Scottish Qualifications Authority 24 Douglas Street Glasgow G2 7NQ Telephone +44 (0) 84 5729 1000 Fax +44 (0) 14 1242 2244 Email email@example.com Website www.sqa.org.uk
Universities and Colleges Admissions Service (UCAS) PO Box 28 Cheltenham Gloucestershire GL52 3LZ Telephone +44 (0) 870 1122211 Fax +44 (0) 1242 544961 Email firstname.lastname@example.org Website www.ucas.com
British Interior Textiles Association (BITA) 5 Portland Place London W1B 1PW Telephone +44 (0) 20 7636 7788 Fax +44 (0) 20 7636 7515 Email email@example.com Website www.interiortextiles.co.uk
British Interior Design Association (BIDA) 3/18 Chelsea Harbour Design Centre Chelsea Harbour Lots Road London SW10 0XE Telephone +44 (0) 20 7349 0800 Fax +44 (0) 20 7349 0500 Email firstname.lastname@example.org Website www.bida.org
Institute of Professional Designers (IPD) 117 Piccotts End Road Piccotts End Farm Hemel Hempstead Hertfordshire HP1 3AU Telephone +44 (0) 1442 245513 Fax +44 (0) 1442 245513 Website www.professional-designers.net http://www.aecportico.co.uk/Directory/IPD.shtm
Creative Future (career portal website of the Design Council, Department for Culture, Media and Sport and the Arts Council for England) Website www.yourcreativefuture.org
City and Guilds 1 Giltspur Street London EC1A 9DD Telephone +44 (0) 20 7294 2800 Fax +44 (0) 20 7294 2400 Email email@example.com Website www.city-and-guilds.co.uk British Accreditation Council for Independent Further and Higher Education (BAC) 42 Manchester Street London W1U 7LW Telephone +44 (0) 20 7224 5474 Fax +44 (0) 20 7224 5475 Email firstname.lastname@example.org Website www.thecapability.uk.com/bac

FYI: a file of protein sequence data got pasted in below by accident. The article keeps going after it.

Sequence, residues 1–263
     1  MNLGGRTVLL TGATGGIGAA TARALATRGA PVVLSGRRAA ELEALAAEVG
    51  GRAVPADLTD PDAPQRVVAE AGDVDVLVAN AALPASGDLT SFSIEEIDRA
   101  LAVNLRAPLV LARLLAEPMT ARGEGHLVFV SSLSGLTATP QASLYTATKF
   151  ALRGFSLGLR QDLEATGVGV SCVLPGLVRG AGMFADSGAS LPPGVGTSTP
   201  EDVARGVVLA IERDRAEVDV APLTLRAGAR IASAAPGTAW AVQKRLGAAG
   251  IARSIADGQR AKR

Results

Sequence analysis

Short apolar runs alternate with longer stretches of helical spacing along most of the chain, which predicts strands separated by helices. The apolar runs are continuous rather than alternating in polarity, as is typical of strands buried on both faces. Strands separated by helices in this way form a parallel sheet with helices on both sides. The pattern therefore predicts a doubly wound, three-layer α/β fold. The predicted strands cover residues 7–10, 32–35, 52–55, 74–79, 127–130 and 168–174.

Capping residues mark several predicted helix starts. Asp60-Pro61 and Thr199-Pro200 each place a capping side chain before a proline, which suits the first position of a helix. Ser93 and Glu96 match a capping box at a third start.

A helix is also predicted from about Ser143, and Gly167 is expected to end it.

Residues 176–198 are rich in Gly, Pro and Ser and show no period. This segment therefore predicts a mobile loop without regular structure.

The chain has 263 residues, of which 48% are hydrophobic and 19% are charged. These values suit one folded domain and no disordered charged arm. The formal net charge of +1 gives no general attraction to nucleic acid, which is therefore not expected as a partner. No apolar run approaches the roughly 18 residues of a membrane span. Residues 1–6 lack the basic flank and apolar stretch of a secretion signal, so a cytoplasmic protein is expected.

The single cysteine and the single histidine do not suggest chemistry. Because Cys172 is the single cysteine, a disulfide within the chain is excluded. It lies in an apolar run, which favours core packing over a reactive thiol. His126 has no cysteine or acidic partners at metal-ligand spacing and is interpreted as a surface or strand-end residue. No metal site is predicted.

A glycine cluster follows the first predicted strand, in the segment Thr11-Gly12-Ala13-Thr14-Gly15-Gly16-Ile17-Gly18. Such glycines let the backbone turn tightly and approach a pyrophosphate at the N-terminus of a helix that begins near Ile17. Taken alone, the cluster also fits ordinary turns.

The Furniture, Furnishings and Interiors National Training Organisation (FFINTO) 67 Wollaton Road Beeston Nottingham NG9 2NG Telephone +44 (0) 11 5922 1200 Fax +44 (0) 11 5922 3833 Email email@example.com Website www.ffinto.org Skillfast-UK (Sector Skills Council for the Apparel, Footwear and Textile Industry) Richmond House Lawnswood Business Park Redevers Close Leeds LS16 6RD Telephone +44 (0) 11 3239 9600 Fax +44 (0) 11 3239 9601 Email firstname.lastname@example.org Website www.skillfast-uk.org
Other useful resources Complete Guide to Art and Design Courses 2005 (UCAS/Trotman, 2004, ISBN 0 85 660676 6) – includes information on the types of art and design courses available, with course listings and brief descriptions of course contents. th
British Qualifications 34 ed. (Kogan Page, 2004, ISBN 0 7494 4138 0) – lists every recognised qualification on offer in the UK, by schools, colleges, universities, business schools, learned societies, trade and professional bodies and associations. Occupations 2004 (DfES 2003, ISBN 0 8611 0864 7) An in-depth guide of over 600 career choices of all types from unskilled to professional work, also list prospects and qualification for each occupation Creative futures: guide to courses and careers in art, craft and design (Burnside, A, National Society for Education in Art and Design (NSEAD), 1999, ISBN 0 90 4684 28 8) – course listings, information on qualifications in various fields of art, craft and design, case studies and student profiles and information about working. NB. Please note these books may not be available at your local British Council office.
While every effort has been made to ensure that the information given here is correct and up to date, the British Council accepts no legal liability for its accuracy, currency or completeness.